In this way there is a clarity of research on environmental issues and technological issues, which we will undoubtedly go into more detail with the conclusions that we will turn in in its due time.
Table 4 to continue. The 4th parallel table was extraordinary, there we participated as a listener of The integral health for peace, happiness and preservation of life, and the extraordinary representative arrived just in time from the United Nations for the region, Andrea Brusco, we give you the floor.
Moderator Andrea Brusco
Thank you very much. It was an honor for me to have shared this table, where we made a very nice trip all the way from California, where we learned about scientific studies that tell us about that synchronization, the existing alignment, which is scientifically demonstrated amongst the rhythms of nature and our rhythms, of our lives; and that coherence that we mostly do not see but that is within the individual, social, and global.
We went down on this river towards the Sierra Nevada of Santa Marta, where Kogui the spiritual leader of the people spoke to us about the laws of nature and of life, which are not in codes nor manuals, rather are in gold, in water, in rocks, and of how our life is indissolubly linked and depends of on what surrounds us.
We ended up in Brazil, where we learned about ecopsychology and of how we can explain, from the modern way of thinking, this existing suppression of that natural bond we have with nature and of how we can be in charge of that, how we can recognize the rupture there has been between our natural mandate of being part of and being linked indissolubly to nature, and the world many of us are embarked upon, where unfortunately that relationship is not clearly seen and we pursue life models that alienates us from that natural mandate.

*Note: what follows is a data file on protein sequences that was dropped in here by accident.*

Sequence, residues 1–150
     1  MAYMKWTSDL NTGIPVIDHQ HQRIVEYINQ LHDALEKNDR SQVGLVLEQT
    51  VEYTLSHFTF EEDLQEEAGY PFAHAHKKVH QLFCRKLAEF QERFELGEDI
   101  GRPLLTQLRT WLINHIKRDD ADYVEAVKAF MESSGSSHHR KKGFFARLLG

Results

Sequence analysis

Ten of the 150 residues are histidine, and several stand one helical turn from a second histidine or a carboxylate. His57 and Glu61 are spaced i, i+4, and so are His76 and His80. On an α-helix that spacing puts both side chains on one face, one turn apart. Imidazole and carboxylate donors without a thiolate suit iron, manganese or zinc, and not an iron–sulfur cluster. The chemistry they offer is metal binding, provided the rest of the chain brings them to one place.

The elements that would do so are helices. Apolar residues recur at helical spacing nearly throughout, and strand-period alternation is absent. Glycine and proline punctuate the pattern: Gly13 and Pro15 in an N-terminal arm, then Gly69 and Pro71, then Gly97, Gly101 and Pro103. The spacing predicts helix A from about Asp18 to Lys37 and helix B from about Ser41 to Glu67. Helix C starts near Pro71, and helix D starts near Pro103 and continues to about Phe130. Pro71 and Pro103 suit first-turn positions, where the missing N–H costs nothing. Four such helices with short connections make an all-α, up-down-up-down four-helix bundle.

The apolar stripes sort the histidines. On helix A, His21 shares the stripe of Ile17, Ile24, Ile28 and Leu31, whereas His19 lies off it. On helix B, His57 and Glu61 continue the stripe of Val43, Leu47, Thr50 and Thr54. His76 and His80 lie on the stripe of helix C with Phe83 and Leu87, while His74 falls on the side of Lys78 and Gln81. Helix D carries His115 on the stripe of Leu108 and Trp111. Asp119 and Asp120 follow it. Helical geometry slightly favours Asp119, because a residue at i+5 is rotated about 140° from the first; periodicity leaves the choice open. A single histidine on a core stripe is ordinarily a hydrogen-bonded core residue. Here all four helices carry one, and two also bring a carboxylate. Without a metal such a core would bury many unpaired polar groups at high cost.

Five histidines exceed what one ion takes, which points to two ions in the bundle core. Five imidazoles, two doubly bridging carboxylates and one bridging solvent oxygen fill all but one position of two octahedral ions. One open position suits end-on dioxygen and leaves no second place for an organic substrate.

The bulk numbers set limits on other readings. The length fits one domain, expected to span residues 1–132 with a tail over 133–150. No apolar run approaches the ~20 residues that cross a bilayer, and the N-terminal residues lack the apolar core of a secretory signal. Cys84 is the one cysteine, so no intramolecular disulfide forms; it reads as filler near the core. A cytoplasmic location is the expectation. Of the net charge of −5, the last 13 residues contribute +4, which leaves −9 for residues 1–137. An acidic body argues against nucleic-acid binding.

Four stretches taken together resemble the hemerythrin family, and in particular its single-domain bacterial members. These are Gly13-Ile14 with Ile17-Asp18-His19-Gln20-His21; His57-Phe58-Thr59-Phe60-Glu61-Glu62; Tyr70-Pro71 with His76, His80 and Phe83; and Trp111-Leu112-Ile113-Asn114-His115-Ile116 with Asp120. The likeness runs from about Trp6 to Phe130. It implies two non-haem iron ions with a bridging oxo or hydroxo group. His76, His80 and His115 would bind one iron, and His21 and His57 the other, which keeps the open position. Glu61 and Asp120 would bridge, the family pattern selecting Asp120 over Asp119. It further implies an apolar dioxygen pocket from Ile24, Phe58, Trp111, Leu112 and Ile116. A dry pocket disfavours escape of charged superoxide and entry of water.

In that very fluid and nice journey, we could talk about transformations, we talked about reconciliations, we talked about utopias and of how the utopia allows us to continue believing in a profound change of the dominant ways of living.
Obviously what I am saying does not reflect in the slightest way the richness of what we could listen to and share at the Table, so I am sorry to the speakers and everyone who participated. I want to simply tell you we have had a wonderful evening. Thank you very much.
In tribute to this beautiful culture I would like to ask Arregoces Coronado Zarabata to stand up to give his people and Colombia a beautiful round of applause.
Immediately, the conclusions of the 5th parallel Table: Scientific and ancestral contributions for the preservation of life of the human being, the moderator was Dr. Angel Sanchez, from Mexico.
Moderator Angel Sanchez
Good evening. It is an honor for me to be here on this evening with you sharing and doing… sharing knowledge and experience. Table number 5 generated many questions, many; and when there are many questions it means there was a lot of interest. The interest is due to the topics having to do with that marvelous thing called health; because they gave fundamental aspects in order to, with the changes of life habits and change of eating habits, and some supplements, we could keep a great state of health.
We have made the medicine organic medicine for many years, and we have been dedicated -I as a doctor say it as well-, we have been dedicated to cure diseases; and the tendency that exists some years ago is to, not only cure, maybe the wisest would be what to do to not get sick; and instead of looking for how to rejuvenate, it is best to know what to do to not age so fast. And currently a lot of knowledge exists, lots of knowledge that could lead us to doing what is adequate with the change of life habits, change of eating habits, habits in general, we could make our body work perfectly good for many years, with quality of life, longevity, and perfect state of health.